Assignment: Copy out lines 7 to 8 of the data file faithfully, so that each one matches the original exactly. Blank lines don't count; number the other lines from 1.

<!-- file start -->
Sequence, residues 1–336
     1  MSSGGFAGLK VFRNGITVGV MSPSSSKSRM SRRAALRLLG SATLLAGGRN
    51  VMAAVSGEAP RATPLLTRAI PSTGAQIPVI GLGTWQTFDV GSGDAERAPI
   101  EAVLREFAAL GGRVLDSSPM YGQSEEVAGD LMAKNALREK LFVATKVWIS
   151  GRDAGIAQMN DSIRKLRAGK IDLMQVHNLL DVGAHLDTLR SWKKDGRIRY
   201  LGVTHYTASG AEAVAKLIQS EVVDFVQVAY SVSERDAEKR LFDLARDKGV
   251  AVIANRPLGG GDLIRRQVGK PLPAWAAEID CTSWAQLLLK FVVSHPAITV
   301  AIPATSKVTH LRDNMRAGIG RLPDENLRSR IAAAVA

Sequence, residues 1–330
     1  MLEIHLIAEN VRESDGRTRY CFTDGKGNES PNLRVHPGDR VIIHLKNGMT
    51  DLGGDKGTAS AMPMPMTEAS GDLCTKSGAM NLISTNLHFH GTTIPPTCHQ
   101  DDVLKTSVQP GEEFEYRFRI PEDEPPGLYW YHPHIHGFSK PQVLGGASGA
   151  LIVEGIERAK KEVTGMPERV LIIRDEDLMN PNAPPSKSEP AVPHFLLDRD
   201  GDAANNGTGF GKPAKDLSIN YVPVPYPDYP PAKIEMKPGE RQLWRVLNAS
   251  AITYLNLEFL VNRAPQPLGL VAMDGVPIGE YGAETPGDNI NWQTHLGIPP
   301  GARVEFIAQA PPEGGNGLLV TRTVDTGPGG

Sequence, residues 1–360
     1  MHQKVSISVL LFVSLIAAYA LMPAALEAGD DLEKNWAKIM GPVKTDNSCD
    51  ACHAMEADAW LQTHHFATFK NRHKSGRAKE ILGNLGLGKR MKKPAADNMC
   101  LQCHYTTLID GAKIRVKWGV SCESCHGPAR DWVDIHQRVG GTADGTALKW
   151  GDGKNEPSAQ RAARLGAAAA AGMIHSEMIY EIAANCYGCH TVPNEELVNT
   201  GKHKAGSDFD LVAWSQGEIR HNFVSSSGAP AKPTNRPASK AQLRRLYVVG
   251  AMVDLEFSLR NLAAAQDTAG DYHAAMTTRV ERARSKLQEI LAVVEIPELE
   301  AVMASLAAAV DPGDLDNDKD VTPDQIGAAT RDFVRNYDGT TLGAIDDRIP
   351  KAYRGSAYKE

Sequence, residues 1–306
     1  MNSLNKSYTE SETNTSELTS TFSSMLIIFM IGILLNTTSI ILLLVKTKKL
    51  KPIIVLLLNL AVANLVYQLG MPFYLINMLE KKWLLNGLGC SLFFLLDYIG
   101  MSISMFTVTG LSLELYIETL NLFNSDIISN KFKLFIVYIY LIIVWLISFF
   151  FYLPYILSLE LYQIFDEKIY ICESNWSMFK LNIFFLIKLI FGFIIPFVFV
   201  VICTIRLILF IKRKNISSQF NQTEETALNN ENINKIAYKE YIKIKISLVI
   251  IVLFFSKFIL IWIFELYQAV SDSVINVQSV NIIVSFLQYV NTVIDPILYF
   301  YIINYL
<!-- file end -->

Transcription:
   251  AVIANRPLGG GDLIRRQVGK PLPAWAAEID CTSWAQLLLK FVVSHPAITV
   301  AIPATSKVTH LRDNMRAGIG RLPDENLRSR IAAAVA